Sion Hospital becomes home for orphan with blood disorder

Social worker Bharti Sangoi raised the Rs 2.5 lakh required for his hip replacement surgeries, and also asked the Sion hospital authorities to let him stay in the hospital for 3 years, while undergoing treatment

An 18-year-old orphan who was making a living by working in a hotel was left bed-ridden for years with sickle cell anaemia, a debilitating disease which cut blood supply to his hip bones, putting him in dire need of total hip replacement.

Bharti Sangoi Raja Yadav
Bharti Sangoi and Raja Yadav

While the young man could not afford the the surgery that would cost him around Rs 2.5 lakh, he received the hip replacement because of the kindness and enterprise of social worker Bharti Sangoi, who not only raised the funds necessary for the surgery, but also convinced authorities at the civic-run Sion Hospital to give him space to live within its premises. The young man has made the hospital his home for the past three years.

Raja Yadav was unable to walk or even sit in comfort for three long years. With no relatives to take care of him, he had almost given up any hope of surviving in the city. “He hails from Uttar Pradesh and came to the city to work at a hotel in Ghatkopar to fend for himself. However, his health started deteriorating at the end of 2010 and with the help of his former employer, he got himself admitted to Sion hospital,” said Bharti Sangoi, who works as an independent social worker.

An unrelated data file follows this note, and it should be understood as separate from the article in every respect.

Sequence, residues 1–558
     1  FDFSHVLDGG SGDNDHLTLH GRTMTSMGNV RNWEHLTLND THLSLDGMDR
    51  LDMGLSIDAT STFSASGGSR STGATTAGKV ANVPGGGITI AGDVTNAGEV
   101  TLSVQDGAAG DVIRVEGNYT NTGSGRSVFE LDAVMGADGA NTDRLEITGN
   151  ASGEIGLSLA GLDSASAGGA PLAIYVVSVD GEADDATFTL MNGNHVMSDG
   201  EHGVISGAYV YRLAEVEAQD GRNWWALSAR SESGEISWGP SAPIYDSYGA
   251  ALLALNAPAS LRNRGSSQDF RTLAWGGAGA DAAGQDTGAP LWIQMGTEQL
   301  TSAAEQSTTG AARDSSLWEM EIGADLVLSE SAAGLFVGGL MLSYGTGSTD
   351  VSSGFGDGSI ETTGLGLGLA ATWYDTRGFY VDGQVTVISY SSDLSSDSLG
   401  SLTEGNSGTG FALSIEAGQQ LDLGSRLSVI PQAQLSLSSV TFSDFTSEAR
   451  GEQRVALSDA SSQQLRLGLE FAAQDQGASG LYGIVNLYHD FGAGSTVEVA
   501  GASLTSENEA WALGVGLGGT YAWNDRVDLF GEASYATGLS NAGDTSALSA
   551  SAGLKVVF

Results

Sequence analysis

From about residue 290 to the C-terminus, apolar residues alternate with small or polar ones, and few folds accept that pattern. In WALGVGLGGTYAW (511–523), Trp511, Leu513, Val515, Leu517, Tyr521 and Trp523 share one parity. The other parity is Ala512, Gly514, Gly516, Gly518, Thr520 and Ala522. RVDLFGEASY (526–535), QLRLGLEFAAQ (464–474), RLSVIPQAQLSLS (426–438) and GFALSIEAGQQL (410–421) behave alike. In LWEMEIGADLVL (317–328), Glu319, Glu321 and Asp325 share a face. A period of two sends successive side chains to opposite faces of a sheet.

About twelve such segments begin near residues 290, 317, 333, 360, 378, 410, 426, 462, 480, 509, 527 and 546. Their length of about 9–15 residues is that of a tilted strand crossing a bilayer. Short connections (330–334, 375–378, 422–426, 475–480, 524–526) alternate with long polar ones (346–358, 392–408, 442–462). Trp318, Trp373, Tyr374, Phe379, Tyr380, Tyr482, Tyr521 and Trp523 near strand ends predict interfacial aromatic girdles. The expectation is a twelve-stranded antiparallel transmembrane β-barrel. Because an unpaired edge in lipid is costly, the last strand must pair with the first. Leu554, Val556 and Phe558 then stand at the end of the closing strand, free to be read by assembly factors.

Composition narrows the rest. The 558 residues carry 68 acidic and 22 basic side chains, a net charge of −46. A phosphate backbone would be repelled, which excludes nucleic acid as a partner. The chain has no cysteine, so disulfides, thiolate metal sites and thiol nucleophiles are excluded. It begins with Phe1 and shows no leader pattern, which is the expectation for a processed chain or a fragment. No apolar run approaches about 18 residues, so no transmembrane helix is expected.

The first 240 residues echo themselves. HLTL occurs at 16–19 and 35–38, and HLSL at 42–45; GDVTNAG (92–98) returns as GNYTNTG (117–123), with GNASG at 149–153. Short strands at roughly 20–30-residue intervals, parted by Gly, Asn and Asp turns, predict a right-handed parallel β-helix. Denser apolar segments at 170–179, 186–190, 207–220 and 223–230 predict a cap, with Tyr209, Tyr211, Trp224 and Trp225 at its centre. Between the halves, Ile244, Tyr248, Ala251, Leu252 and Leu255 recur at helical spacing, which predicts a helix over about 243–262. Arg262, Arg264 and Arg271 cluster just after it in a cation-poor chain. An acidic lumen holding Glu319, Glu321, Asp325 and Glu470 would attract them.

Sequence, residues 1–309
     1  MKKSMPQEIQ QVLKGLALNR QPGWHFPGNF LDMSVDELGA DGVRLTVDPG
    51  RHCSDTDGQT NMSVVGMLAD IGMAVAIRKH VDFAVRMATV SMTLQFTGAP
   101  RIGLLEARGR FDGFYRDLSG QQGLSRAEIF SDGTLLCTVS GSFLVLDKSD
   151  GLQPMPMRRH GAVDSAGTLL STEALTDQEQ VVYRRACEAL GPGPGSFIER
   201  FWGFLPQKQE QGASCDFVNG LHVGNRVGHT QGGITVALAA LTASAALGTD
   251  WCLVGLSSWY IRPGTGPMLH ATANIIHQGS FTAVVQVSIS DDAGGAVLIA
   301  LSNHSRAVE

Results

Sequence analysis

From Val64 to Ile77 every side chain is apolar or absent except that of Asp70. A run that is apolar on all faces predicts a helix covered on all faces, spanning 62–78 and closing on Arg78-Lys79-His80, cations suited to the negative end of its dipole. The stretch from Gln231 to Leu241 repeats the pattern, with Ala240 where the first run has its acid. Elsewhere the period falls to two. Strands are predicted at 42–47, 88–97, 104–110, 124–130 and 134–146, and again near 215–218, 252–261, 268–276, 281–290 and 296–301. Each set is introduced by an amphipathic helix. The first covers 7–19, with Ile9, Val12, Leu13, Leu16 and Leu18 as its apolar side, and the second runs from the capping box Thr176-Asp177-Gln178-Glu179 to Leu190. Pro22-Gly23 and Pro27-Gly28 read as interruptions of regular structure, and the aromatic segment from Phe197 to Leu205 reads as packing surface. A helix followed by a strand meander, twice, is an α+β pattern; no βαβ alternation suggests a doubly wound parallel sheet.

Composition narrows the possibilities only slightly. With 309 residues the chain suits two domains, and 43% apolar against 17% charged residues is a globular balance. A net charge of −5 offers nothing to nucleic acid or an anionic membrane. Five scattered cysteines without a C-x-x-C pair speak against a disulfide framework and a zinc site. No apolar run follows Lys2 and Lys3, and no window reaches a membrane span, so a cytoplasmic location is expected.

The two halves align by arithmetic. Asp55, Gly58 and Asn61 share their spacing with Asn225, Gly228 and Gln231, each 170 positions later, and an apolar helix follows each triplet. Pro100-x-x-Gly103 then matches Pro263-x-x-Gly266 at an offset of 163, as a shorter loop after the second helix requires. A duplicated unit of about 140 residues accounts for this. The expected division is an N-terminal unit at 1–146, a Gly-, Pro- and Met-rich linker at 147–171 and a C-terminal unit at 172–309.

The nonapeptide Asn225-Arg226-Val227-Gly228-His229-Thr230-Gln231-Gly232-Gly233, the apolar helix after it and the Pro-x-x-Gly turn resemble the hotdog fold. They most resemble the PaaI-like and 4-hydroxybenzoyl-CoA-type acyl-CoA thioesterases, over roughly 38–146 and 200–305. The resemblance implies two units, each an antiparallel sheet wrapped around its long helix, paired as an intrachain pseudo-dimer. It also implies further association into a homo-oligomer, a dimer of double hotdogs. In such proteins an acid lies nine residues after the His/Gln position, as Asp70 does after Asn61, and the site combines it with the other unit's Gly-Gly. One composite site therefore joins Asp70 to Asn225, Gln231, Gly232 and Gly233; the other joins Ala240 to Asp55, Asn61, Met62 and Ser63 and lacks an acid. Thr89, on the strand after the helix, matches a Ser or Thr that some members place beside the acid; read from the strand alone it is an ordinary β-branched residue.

To make matters more challenging for the teenager, the hospital’s medical social workers were unable to financially aid him, as he wasn’t a ration card holder. “Soon after that, my employer deserted me,” said Raja. Seeing the boy’s condition, Sangoi took him under her wing and took it upon herself to ensure that he got the treatment he needed.

Raja was under treatment for sickle cell disease and anaemia where red blood cells assume an abnormal ‘sickle’ shape, which decreases the their flexibility. “His hip bones were damaged as the blood supply got completely cut, a condition known as avascular necrosis.

For the first two years he was under us, we first had to put him on drugs to control the ailment so that he would be ready for surgery,” said Dr Harshad Argekar, associate professor of the Orthopaedics department. As the boy’s health improved, he was faced with another obstacle — the cost of the hip implants would cost upto R2,50,000. Sangoi then collected the funds required from various donors.

“Even after his operation, I requested the hospital authorities to let him stay in the hospital until he was able to walk properly, as he had nowhere else to go. The medical social workers from the hospital also helped support him,” she said.

Raja underwent his first surgery in December last year, following which the second total hip replacement surgery was done in January. “His blood disease will stay for the rest of his life, but we are now keeping it under control with the help of drugs,” added Dr Argekar. Bharti now plans on shifting him to a sanstha, so he can pursue further studies.

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